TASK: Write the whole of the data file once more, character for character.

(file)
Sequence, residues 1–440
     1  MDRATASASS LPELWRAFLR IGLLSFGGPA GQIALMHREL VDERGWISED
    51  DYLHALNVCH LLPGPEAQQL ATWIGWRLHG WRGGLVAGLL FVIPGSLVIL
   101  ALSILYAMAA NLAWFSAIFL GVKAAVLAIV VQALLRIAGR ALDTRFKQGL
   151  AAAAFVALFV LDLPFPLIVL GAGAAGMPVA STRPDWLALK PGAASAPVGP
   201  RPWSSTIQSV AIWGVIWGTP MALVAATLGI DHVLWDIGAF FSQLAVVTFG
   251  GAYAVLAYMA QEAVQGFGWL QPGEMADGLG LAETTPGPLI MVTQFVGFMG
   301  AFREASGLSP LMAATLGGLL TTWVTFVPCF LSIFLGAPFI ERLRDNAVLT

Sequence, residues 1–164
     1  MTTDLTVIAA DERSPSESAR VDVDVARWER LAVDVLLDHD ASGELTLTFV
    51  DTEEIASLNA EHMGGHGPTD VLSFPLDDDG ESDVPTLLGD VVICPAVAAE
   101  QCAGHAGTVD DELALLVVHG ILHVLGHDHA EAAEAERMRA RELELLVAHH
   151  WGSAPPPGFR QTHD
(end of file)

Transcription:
Sequence, residues 1–440
     1  MDRATASASS LPELWRAFLR IGLLSFGGPA GQIALMHREL VDERGWISED
    51  DYLHALNVCH LLPGPEAQQL ATWIGWRLHG WRGGLVAGLL FVIPGSLVIL
   101  ALSILYAMAA NLAWFSAIFL GVKAAVLAIV VQALLRIAGR ALDTRFKQGL
   151  AAAAFVALFV LDLPFPLIVL GAGAAGMPVA STRPDWLALK PGAASAPVGP
   201  RPWSSTIQSV AIWGVIWGTP MALVAATLGI DHVLWDIGAF FSQLAVVTFG
   251  GAYAVLAYMA QEAVQGFGWL QPGEMADGLG LAETTPGPLI MVTQFVGFMG
   301  AFREASGLSP LMAATLGGLL TTWVTFVPCF LSIFLGAPFI ERLRDNAVLT

Sequence, residues 1–164
     1  MTTDLTVIAA DERSPSESAR VDVDVARWER LAVDVLLDHD ASGELTLTFV
    51  DTEEIASLNA EHMGGHGPTD VLSFPLDDDG ESDVPTLLGD VVICPAVAAE
   101  QCAGHAGTVD DELALLVVHG ILHVLGHDHA EAAEAERMRA RELELLVAHH
   151  WGSAPPPGFR QTHD